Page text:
I can’t believe I made it almost 3yrs before experiencing significant tire damage to the fatbike tires that I run tubeless on my Bucksaw. Of course, they’re not “designed” as tubeless tires, but they work just fine.
Out on a ride a couple of weeks ago, a stick nearly the size of my thumb punctured my tire. Yowza!
I was less than a mile of easy gravel from the trailhead, so I wasn’t concerned. A quick look confirmed that the hole was too big for Stan’s to deal with. Which also confirmed that for as close as I was to the trailhead, it wasn’t worth pulling off the tire, temporarily booting it, installing a tube, and riding back. So I just walked. It was a nice day and I was in no hurry to get anywhere.
I had another set of tires at home, too, so I just threw on an older Husker Du to get me by for the time being. You see, good fatbike tires aren’t cheap. A 120 tpi kevlar bead Surly Nate tire goes for about $120 MSRP. Needless to say, I didn’t want to be buying a new tire since I’m in the process of a new build (you’ll have to wait to find out what – I have the frame, but haven’t decided on the full build yet).
So I hit teh Googles to see what people are doing to repair such tires. I’ve read about sewing up the hole so it won’t stretch, and letting the sealant do its job. Yeah, I dunno if you noticed on that hole, but my tire was missing rubber. Sewing wasn’t going to work unless I wanted a (not so)awesome hop to my tire. So that method was out. I read some reports about people using car tire patches to fix mtb tires. So I started looking for the materials needed, and car tire patch supplies are typically available in massive quantities. Sure, I’d spend maybe half the cost of a new tire, and I’d also wind up with enough adhesive and whatnot to repair tires for my day job (meaning, I wouldn’t, and a lot of that stuff would either go bad or wind up being tossed out). Fortunately for me, a company that makes lots of car tire repair supplies just so happens to make a little kit for bicycle tires.
For what it’s worth Rema Tip-Top’s product pic is a little different from what actually comes in the package.
It’s similar to the old school kits for patching tubes, but it’s critically different. The patches themselves are a much thicker rubber, more suitable for repairing the tire. The cement is also different. I found my kit at BlueSkyCycling for $8.49 plus shipping, so I spent a WHOLE LOT LESS on it than I would have for massive quantities of auto tire repair supplies.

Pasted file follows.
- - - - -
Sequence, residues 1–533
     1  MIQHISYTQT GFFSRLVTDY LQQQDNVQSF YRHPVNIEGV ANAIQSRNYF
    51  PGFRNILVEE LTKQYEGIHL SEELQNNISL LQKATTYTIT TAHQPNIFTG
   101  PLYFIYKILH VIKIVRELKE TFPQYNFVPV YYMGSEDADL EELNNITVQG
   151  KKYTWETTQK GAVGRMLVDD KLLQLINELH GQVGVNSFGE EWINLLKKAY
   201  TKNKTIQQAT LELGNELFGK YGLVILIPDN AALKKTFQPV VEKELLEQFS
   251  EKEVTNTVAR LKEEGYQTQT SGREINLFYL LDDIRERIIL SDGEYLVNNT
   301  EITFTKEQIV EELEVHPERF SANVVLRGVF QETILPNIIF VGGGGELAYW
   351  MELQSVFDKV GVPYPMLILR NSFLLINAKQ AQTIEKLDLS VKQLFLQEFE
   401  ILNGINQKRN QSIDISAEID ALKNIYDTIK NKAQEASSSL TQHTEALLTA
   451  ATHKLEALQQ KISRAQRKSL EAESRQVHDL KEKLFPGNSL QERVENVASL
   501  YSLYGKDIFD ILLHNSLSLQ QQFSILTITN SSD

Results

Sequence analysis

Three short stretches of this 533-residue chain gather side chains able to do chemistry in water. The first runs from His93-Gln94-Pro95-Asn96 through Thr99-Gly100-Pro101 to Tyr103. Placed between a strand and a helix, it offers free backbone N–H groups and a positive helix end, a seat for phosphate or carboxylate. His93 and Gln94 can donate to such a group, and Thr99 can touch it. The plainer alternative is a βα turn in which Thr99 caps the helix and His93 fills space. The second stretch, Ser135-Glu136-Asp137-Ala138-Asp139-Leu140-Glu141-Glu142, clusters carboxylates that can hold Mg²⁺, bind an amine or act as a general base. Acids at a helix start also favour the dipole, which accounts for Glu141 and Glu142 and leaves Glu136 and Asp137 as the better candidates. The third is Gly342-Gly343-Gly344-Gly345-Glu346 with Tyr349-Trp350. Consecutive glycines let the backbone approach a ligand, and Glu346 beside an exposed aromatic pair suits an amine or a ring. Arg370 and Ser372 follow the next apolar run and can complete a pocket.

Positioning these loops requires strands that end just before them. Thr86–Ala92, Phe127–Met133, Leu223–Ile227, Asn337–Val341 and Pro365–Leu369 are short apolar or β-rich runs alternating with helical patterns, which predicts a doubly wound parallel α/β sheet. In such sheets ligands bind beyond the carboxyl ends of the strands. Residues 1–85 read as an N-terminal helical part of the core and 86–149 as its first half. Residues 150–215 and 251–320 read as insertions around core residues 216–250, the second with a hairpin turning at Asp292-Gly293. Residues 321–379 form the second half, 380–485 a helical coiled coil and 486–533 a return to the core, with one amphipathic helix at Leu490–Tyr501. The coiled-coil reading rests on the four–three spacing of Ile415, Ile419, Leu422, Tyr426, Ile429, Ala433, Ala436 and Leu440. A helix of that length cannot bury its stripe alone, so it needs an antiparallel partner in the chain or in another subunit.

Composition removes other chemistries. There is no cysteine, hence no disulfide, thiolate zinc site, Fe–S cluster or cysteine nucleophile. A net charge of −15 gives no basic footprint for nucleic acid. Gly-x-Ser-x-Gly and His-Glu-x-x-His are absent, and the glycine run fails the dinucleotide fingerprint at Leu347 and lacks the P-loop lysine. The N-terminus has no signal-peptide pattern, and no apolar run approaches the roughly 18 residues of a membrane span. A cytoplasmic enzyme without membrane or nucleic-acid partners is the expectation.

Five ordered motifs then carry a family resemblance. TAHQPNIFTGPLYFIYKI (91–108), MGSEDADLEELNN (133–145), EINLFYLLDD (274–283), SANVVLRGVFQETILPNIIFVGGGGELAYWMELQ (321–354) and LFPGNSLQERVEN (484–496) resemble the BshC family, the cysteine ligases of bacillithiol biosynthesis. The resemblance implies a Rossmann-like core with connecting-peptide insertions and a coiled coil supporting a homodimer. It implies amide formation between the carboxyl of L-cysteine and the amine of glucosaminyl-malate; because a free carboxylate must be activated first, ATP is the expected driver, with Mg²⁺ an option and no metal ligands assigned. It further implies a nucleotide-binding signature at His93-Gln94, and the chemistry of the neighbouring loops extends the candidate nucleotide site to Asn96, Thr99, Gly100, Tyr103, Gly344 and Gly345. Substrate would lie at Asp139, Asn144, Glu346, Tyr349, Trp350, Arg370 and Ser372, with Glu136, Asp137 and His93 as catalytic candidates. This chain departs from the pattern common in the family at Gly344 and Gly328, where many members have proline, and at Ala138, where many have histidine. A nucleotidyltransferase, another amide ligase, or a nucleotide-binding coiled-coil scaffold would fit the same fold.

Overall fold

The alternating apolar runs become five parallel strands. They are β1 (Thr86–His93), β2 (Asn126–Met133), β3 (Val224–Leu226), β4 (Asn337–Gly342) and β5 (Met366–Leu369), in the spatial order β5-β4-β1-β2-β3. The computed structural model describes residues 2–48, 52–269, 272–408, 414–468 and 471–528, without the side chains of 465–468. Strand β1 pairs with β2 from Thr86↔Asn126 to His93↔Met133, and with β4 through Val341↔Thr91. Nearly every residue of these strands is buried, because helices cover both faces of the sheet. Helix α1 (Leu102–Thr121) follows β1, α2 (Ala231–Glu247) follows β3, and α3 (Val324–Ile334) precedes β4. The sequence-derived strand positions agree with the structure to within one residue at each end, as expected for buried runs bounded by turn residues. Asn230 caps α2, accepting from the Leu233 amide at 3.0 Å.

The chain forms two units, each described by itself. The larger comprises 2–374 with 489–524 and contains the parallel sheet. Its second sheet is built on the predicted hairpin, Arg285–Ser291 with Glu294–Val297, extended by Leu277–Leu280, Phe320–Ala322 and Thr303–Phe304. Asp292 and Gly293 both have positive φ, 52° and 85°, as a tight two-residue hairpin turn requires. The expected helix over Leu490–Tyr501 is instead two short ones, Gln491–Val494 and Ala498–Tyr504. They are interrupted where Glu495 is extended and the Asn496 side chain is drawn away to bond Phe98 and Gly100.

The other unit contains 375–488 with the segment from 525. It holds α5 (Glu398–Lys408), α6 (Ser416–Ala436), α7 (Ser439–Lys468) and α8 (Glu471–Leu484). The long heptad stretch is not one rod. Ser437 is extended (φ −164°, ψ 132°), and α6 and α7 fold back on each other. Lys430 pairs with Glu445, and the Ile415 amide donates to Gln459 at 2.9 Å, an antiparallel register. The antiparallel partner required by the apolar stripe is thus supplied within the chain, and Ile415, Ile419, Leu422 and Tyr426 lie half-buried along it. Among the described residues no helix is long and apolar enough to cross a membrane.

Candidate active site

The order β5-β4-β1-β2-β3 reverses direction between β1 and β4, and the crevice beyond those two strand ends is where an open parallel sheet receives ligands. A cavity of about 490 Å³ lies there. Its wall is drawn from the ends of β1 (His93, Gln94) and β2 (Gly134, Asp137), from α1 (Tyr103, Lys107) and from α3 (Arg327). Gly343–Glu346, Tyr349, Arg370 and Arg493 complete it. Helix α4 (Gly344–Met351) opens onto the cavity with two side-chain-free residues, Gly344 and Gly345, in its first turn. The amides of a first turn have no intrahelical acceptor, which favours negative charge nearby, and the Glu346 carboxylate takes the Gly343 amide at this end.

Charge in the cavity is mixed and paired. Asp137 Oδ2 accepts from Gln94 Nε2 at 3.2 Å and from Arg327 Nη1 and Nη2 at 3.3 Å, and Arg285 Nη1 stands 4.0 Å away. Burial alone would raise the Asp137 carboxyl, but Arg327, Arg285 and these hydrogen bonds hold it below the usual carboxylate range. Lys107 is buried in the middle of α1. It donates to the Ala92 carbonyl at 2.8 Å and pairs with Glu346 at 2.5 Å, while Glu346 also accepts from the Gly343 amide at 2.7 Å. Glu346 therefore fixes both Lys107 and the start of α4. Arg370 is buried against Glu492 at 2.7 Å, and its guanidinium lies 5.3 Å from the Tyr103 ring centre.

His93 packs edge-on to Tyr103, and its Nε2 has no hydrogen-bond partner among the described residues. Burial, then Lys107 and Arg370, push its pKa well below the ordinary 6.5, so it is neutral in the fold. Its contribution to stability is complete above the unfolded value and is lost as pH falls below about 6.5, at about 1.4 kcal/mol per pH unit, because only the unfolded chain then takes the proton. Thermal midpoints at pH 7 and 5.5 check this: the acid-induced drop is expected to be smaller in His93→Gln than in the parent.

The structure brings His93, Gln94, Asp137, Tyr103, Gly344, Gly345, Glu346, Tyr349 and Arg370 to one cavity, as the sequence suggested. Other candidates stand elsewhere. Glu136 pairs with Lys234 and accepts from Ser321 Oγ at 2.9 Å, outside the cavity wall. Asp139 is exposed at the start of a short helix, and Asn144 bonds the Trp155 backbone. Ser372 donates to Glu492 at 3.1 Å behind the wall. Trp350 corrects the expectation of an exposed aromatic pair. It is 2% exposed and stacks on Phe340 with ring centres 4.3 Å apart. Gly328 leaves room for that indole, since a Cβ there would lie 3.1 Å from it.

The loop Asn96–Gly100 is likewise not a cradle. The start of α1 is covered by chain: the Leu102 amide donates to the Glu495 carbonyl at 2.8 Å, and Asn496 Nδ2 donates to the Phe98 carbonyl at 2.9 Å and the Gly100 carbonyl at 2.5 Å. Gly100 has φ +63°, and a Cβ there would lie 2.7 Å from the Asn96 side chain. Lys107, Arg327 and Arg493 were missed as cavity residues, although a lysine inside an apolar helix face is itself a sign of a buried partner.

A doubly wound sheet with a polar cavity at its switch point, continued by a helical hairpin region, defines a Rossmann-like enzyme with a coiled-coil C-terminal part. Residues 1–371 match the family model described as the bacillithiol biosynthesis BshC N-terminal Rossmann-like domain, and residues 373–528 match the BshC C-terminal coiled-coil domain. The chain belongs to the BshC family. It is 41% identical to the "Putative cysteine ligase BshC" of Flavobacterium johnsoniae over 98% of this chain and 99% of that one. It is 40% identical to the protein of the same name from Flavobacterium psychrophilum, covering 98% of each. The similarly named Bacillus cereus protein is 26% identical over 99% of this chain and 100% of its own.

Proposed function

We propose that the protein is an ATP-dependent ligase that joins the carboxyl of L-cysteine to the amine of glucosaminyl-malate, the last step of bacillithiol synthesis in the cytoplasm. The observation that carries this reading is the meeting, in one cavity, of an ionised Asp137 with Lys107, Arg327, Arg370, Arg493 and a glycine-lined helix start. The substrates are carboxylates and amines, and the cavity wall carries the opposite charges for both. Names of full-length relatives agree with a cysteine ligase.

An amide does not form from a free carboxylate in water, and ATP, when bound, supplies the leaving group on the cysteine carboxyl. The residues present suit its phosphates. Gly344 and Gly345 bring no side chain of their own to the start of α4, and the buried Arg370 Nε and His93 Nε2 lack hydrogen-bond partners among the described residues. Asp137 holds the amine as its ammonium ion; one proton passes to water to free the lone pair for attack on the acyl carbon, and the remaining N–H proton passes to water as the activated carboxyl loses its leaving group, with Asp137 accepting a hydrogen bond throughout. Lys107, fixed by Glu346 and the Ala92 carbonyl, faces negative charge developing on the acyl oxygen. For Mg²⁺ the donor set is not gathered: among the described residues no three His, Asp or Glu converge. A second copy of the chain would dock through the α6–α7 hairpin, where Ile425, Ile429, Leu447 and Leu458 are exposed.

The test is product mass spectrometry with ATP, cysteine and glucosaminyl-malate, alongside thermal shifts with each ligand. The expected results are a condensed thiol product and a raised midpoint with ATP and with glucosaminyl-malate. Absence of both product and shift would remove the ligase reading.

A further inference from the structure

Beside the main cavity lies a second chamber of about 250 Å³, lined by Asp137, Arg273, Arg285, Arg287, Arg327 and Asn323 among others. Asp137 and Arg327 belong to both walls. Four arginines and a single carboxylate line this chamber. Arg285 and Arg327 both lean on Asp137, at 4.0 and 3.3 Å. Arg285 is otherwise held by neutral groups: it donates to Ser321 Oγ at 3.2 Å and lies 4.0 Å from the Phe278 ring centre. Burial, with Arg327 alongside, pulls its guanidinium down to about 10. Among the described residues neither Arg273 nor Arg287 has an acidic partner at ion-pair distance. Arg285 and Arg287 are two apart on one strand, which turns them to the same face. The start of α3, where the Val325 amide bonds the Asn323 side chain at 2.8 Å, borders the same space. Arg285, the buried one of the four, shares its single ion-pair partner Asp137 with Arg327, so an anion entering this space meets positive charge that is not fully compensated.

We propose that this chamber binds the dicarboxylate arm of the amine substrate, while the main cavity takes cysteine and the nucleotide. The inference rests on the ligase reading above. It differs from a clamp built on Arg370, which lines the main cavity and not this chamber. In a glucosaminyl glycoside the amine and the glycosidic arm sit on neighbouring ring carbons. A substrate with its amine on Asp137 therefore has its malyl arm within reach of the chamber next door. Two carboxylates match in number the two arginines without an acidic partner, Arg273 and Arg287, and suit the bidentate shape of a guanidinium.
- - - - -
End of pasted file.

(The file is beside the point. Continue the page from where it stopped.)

The method is essentially the same, though. I had to clean off the old sealant film, but that was just a matter of scrubbing with a rag. I touched the area up with some alcohol to address any residual sealant goo or mold release, and then roughed the area up with the included emery paper. Apply cement and wait 5min for it to get tacky. It’s worth noting that it was fairly cool in my garage when I did this, and I don’t think 5min was quite enough. Still, I applied the patch, and clamped it between wood blocks to ensure the patch stuck well. I left it like that overnight to be certain. I finished up by applying a thin layer of silicone RTV sealant over the top, just to make sure that any loose edges of the patch were stuck down, and that any gaps would be filled. This wasn’t in the instructions, but I wanted to be extra sure it worked.
Everything appeared to work after doing a dry install (no sealant), so I installed sealant and inflated to 20psi. The patch held overnight no problem at that pressure. So I deflated to ride pressure (about 9psi for a rear tire) this morning for a chilly spin with an old friend in town for the weekend.
This is an exterior shot of the patched location, showing the missing bits of rubber and the divot left behind. I took this picture after my ride this morning, and everything held up swimmingly. I noticed no appreciable balance wobbles on the trail, which is something that concerned me with car tire patches (I never could get a good feel for the sizes of those things online, in order to choose an appropriate size).
With fatbike tires (or any good mtb tire for that matter) being as expensive as they are, I really recommend keeping one of these tire repair kits around in case you damage one like I did. I’m not sure I’d be confident in a repair like this on a sidewall cut. There’s probably a reason why car tire shops always say that they won’t work on tires with sidewall damage. A cut sidewall may well be an excellent location to sew the tire back together (and THEN try patching with this method).